Saturday, July 7, 2012

Horse mackerel with tomato and jalapeno pepper

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Hope this helps and I can`t wait to hear from you!

Now let`s have our food talk.
It`s been a while since I posted fish recipes, so today I`d like to share one using horse mackerel or "aji" in Japanese. I usually buy the ready-to-use butterflied aji, which is very easy to find at our nearby stores, because handling fish from scratch still won`t budge from my to-avoid list.
Anyway, since this dish was for our Saturday`s brunch where I wasn`t even sure if I was fully awake when I made it, it won`t take rocket science to whip it up within 30 min assuming that you use ready-to-use fish or fish fillet. After all, I know nothing about rocket, anyway. 

Here`s the fish where they are already cleaned and butterflied. But I rinsed them again and patted dry with kitchen paper.

Lightly dust the fish with corn starch to help it crisp up and hold its shape during frying later.

And by frying, I mean add a bit of olive oil on a frying pan over medium heat and put the starch-coated fish there.
I love hearing something sizzling on Saturday morning. Anytime before 12 is morning, right?

When the fish has turned white and curled in, set them aside on a plate. 
The chars were unintentional and I love how they made the grilly look on the fish.
I won`t blame you if you add salt to the fried fish and then..poof! They`re gone. It`s not your fault.

But if you can hold yourself a bit, here`s a little extra work Parsley, cherry tomatoes, and lemon.
Those colors are what my eyes need to open up. I feel healthy already just looking at them.

Chop up parsley and tomato, but leave a few whole tomatoes for serving later. Stir in olive oil and squeeze in lemon juice. Add the zest too if you want. Throw in sliced pickled jalapeno peppers and season with salt and black pepper.
Stir everything to combine and adjust the seasoning to your liking. When you`re done, add it to the fried fish you prepared earlier.

The fish is crispy on the outside but still juicy inside and the addition of sweet-tangy-hot salsa will make you chew them up quicker and add more on your plate. My husband enjoyed this with a plate of rice, but I wish I had some baked potatoes that day. It seems like I have to recreate this soon!
Serves two persons

4 horse mackerel, cleaned and butterflied
1-2 Tbs corn starch for dusting
1 cup chopped cherry tomatoes
2-3 whole cherry tomatoes
2 Tbs lemon juice
1 cup chopped parsley
3 Tbs sliced pickled jalapeno pepper
1 Tbs olive oil
Black pepper

1. Clean and butterfly horse mackerel. Lightly rinse and pat dry with kitchen paper.
2. Lightly dust the fish with corn starch.
3. Add a bit of olive oil on a frying pan over medium heat and fry the fish.
4. When the fish has turned white and curled in, set them aside on a plate. 
5. In a bowl, stir chopped parsley and tomato, olive oil, lemon juice (add the zest too if you want), and sliced jalapeno pepper. 
6. Season with salt and black pepper. 
7. Serve the fish with the tomato and jalapeno salsa.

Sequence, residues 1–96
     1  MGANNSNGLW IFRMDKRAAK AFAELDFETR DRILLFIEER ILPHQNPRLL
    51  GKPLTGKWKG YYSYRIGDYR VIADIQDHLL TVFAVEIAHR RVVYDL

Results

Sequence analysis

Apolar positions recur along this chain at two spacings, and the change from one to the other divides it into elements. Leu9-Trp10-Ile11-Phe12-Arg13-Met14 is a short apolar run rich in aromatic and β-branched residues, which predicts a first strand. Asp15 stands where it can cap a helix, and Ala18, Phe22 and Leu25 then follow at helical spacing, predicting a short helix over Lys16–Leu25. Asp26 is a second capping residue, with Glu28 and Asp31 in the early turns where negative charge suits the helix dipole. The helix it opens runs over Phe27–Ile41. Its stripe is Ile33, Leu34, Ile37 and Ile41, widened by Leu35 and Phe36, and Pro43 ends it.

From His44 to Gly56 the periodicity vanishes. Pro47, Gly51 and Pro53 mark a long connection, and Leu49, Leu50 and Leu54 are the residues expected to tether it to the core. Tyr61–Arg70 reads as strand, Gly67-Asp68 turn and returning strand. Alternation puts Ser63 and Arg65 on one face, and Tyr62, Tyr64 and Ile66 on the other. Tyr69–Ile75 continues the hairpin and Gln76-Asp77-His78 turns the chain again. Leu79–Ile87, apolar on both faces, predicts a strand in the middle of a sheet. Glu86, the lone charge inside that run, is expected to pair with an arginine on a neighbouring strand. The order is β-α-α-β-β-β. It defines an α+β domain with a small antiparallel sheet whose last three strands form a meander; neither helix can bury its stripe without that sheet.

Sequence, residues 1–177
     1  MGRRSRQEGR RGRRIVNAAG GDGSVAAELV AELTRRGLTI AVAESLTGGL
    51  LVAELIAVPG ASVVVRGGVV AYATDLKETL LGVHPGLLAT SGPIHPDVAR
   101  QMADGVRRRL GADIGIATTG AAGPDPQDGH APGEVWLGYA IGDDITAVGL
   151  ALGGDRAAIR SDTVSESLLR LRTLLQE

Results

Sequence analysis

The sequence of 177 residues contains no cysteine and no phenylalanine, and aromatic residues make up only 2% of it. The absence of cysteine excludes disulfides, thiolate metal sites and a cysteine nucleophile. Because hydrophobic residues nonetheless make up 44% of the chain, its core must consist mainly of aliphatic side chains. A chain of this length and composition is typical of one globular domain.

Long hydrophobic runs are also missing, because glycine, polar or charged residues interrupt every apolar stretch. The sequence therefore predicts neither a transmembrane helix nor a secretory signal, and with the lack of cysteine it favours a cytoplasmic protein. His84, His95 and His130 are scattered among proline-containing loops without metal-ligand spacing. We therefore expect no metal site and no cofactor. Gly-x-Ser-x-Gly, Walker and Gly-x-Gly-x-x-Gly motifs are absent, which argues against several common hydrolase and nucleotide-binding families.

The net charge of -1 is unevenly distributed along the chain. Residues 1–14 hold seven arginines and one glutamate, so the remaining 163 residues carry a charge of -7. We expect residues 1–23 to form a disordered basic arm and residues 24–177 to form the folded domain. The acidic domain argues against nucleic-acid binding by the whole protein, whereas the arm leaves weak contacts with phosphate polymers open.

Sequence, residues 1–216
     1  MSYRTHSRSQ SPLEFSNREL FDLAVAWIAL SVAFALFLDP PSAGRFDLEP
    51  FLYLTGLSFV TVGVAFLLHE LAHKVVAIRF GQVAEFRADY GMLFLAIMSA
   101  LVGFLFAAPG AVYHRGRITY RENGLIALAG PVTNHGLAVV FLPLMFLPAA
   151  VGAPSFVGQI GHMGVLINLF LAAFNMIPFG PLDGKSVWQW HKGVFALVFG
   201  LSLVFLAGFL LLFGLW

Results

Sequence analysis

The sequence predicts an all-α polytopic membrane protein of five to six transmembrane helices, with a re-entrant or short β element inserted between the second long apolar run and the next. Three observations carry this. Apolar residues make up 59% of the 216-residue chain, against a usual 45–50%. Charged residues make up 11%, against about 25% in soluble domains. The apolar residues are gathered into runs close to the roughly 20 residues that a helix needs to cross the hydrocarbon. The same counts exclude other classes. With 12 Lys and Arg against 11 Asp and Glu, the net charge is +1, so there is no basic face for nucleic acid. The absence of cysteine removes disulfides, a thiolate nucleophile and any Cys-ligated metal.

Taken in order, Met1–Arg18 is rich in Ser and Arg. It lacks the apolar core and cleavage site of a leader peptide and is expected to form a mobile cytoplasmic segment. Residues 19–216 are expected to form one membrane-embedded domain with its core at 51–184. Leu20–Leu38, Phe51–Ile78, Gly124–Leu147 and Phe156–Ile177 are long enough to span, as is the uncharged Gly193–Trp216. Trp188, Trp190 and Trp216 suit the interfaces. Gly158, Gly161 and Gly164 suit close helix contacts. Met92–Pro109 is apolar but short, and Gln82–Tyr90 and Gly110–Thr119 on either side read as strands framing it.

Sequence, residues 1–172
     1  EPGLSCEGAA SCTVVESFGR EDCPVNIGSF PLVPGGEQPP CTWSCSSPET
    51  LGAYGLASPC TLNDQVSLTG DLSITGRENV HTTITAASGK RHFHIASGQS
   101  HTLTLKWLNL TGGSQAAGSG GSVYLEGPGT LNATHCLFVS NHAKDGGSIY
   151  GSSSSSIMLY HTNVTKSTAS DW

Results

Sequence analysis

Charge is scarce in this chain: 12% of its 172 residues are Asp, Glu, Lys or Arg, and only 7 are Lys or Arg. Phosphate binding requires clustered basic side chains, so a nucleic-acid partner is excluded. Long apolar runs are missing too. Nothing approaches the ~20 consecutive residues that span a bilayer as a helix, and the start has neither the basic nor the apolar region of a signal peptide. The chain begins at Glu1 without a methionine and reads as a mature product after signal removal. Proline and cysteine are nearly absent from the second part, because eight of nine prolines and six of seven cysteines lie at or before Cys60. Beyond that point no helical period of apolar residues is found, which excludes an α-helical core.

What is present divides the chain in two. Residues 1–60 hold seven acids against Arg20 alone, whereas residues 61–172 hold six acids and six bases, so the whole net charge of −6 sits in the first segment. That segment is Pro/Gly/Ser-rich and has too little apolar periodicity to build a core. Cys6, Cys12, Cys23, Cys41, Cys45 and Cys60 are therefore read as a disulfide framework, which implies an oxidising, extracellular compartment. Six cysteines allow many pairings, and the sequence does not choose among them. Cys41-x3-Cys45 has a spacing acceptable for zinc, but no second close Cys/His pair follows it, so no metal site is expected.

Wednesday, July 4, 2012

Tokyo Banana Tree

It`s late now, but my eyes are still wide opened and I`m too awake to be sleepy. So, I guess I`d better use my energy to post something here because I happen to have something unusual to show you. One thing got my full attention when I came to Japanese stores was the vast options of baked goods and food specialties that are meant for souvenirs. But what impressed me most was the visual presentation. The food itself looks already delightful on its own, but the packing brings it to a higher level in aesthetic department. It`s obvious that in Japanese culture, you enjoy the food with your eyes before you actually eat it. And when we want to bring them as souvenirs or presents, the visual gorgeousness surely add up the whole happiness for both sides. Although environmentally speaking I`m not too keen on the individual packaging, especially for the bite-sized cakes or cookies, sometimes I think it comes in handy under some circumstances.

So, the coffee table in our laboratory is often filled with some food specialties brought as souvenirs (called "omiyage or お土産" in Japanese). As usual, they`re usually pretty and neat. But this one was very interesting that once I saw it, I brought one home because I knew I just had to take some pictures of it.
If you come to Japan, chance is you`d hear about Tokyo Banana and you`d probably won`t leave Japan without bring some home with you. Alright, I`m a little exaggerating here, but the point is, it`s super famous. It`s actually a banana-shaped banana sponge cake with bananaey custard filling. But recently, with the opening of Tokyo`s SkyTree, the Tokyo Banana maker released Tokyo Banana Tree with Choco Banana custard filling...with leopard printing on the cake!

I`m definitely not into leopardy stuff (because honestly, I`m so much more into cows!) and I really have no idea how the leopard connects with the banana or cake. If you have some info on it, please share with us here because I`m so intrigued right now.

Is this art giving you some new ideas for your next kitchen projects already?

Done with the outside. Now the inside.
The thick custard had a quite strong accent of banana, although I wish the chocolate flavor stood out more. But generally, you won`t disappoint anyone with presents like this :)

Now I`m getting hungry and I think I want to grab a banana (the fruit, not the cake) before going to bed.
Nite nite!